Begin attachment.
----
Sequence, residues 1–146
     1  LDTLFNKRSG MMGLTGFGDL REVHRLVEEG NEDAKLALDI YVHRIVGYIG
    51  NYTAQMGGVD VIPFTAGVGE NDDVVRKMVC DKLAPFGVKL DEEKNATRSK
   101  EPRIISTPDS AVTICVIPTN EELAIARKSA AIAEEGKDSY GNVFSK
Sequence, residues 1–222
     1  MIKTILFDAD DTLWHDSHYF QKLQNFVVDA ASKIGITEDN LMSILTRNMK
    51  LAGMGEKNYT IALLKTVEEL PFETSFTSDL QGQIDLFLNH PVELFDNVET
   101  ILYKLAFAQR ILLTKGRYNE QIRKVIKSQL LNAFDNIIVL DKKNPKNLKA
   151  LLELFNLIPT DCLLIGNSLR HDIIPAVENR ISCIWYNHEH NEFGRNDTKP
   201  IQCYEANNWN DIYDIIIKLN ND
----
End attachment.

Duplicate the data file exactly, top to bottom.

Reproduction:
Sequence, residues 1–146
     1  LDTLFNKRSG MMGLTGFGDL REVHRLVEEG NEDAKLALDI YVHRIVGYIG
    51  NYTAQMGGVD VIPFTAGVGE NDDVVRKMVC DKLAPFGVKL DEEKNATRSK
   101  EPRIISTPDS AVTICVIPTN EELAIARKSA AIAEEGKDSY GNVFSK
Sequence, residues 1–222
     1  MIKTILFDAD DTLWHDSHYF QKLQNFVVDA ASKIGITEDN LMSILTRNMK
    51  LAGMGEKNYT IALLKTVEEL PFETSFTSDL QGQIDLFLNH PVELFDNVET
   101  ILYKLAFAQR ILLTKGRYNE QIRKVIKSQL LNAFDNIIVL DKKNPKNLKA
   151  LLELFNLIPT DCLLIGNSLR HDIIPAVENR ISCIWYNHEH NEFGRNDTKP
   201  IQCYEANNWN DIYDIIIKLN ND